Unique is the egg batch of the map butterfly. It forms small egg turrets on the bottom side of stinging nettle. From every one of these eggs a small caterpillar hatches within a few days. egg turrets of the map butterfly, Araschnia levana
When the time has come, and all nutrients of the egg are depleted, the caterpillar must leave its egg. Hatching is a difficult process. It starts with positioning the small caterpillar in the right spot. The picture below shows a gypsy moth caterpillar just before hatching. The egg is surrounded by light brown setae-covered masses, which is laid by the butterfly between the eggs to protect them.

gypsy moth caterpillar, Lymantria dispar, before hatching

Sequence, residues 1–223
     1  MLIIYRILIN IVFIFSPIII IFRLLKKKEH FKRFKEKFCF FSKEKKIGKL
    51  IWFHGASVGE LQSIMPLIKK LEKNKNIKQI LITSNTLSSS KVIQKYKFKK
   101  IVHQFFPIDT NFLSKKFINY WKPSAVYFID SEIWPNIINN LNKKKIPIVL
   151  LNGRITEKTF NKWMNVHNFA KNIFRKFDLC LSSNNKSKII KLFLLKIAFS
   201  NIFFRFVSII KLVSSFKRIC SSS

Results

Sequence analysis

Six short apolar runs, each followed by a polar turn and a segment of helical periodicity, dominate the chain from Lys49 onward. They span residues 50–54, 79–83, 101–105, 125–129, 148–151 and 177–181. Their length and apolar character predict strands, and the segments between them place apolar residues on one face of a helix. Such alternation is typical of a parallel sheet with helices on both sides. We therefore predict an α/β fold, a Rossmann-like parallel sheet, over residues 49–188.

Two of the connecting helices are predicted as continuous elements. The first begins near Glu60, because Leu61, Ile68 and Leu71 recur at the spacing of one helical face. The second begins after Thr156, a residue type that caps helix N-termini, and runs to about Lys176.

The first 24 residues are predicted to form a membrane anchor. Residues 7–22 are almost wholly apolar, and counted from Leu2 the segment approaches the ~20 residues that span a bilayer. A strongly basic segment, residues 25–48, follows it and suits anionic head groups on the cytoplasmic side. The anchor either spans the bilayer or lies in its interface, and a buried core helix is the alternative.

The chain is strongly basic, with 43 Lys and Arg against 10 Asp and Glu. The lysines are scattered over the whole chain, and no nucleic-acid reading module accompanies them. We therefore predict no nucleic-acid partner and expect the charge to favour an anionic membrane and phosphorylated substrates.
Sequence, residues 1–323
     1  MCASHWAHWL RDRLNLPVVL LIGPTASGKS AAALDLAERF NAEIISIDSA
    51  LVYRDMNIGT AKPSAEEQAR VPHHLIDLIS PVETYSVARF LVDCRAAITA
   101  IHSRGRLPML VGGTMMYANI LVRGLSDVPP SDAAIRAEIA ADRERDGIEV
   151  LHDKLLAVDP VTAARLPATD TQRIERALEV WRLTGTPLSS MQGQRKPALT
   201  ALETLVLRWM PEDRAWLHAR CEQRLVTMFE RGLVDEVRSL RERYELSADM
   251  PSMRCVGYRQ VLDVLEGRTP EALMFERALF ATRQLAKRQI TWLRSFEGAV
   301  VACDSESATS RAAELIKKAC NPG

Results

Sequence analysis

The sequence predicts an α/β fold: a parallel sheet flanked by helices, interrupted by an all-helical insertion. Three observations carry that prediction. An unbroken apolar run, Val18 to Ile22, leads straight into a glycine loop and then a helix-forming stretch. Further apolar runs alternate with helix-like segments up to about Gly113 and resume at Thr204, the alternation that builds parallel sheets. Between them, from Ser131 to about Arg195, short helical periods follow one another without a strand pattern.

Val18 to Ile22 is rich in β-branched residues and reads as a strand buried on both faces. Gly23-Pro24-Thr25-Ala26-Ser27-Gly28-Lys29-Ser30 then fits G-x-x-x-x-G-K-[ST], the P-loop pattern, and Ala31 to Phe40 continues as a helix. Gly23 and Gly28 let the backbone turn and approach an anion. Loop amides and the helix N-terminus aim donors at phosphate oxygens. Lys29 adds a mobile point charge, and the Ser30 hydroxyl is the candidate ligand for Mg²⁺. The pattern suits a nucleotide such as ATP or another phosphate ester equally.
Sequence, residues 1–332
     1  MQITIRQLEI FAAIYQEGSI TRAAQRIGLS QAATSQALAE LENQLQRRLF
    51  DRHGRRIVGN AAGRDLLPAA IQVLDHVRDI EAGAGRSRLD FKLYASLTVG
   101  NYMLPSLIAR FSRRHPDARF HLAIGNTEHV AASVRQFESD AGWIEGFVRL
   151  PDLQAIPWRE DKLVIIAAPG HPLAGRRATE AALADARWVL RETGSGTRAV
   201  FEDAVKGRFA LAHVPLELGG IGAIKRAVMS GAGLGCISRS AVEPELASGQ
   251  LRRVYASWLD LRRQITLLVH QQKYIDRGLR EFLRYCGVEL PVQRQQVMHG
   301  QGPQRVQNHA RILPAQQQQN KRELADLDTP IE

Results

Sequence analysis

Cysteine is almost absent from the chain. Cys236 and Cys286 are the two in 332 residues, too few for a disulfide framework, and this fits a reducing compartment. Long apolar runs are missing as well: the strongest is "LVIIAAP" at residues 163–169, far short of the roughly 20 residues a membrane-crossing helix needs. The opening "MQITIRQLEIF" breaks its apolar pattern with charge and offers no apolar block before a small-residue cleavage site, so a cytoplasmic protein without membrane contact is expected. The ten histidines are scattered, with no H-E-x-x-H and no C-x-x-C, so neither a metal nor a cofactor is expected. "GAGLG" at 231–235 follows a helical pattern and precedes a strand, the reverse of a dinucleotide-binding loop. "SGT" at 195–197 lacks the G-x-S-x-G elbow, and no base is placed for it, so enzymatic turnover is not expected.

map butterfly caterpillar before hatching

After positioning itself, the caterpillar begins to bite through the eggshell with its mandible, the caterpillar's mouthpart for biting. The arrow on the right picture marks the mandible.

Hatching´s quite a hard job, may take several hours and will be interrupted frequently
- in particular when the caterpillar is disturbed.

mouthpart with mandible of gypsy moth

Once its head is completely outside, the work is almost done.The first action the freshly hatched caterpillar undertakes,
hatching caterpillar of the map butterfly is to devour its eggshell. thus exploiting this valuable substance. Nature is very economic!

© Onview.net Ltd, Microscopy-UK, and all contributors 1995 onwards. All rights reserved. Main site is at www.microscopy-uk.org.uk with full mirror at www.microscopy-uk.net.